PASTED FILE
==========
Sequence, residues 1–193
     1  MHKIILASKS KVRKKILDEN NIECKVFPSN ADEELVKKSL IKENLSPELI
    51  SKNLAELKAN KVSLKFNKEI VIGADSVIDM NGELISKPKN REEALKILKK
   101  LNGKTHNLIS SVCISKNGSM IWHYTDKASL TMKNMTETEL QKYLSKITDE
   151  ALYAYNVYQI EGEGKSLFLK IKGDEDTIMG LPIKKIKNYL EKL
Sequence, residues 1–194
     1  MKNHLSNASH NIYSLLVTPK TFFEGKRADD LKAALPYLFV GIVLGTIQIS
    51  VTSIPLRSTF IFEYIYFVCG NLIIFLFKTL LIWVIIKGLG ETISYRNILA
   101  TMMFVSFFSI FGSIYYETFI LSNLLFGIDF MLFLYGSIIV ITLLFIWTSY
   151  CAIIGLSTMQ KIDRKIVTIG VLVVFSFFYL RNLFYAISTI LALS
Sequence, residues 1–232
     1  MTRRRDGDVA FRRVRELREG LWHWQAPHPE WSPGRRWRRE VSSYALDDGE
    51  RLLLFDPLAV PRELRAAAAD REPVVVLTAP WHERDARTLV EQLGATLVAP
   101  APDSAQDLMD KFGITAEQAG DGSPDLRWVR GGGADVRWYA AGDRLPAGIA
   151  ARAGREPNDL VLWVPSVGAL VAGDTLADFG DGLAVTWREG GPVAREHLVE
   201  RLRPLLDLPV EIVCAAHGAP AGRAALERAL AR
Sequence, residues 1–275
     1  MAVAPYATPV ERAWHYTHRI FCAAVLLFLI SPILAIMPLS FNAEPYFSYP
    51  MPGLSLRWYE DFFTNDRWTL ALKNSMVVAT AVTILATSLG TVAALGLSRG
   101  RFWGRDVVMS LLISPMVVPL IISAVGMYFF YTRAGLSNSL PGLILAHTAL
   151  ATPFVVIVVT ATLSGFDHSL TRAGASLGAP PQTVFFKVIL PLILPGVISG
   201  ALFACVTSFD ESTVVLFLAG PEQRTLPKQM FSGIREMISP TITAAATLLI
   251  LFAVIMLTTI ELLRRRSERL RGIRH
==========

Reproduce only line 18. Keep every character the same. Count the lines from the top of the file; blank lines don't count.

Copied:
     1  MAVAPYATPV ERAWHYTHRI FCAAVLLFLI SPILAIMPLS FNAEPYFSYP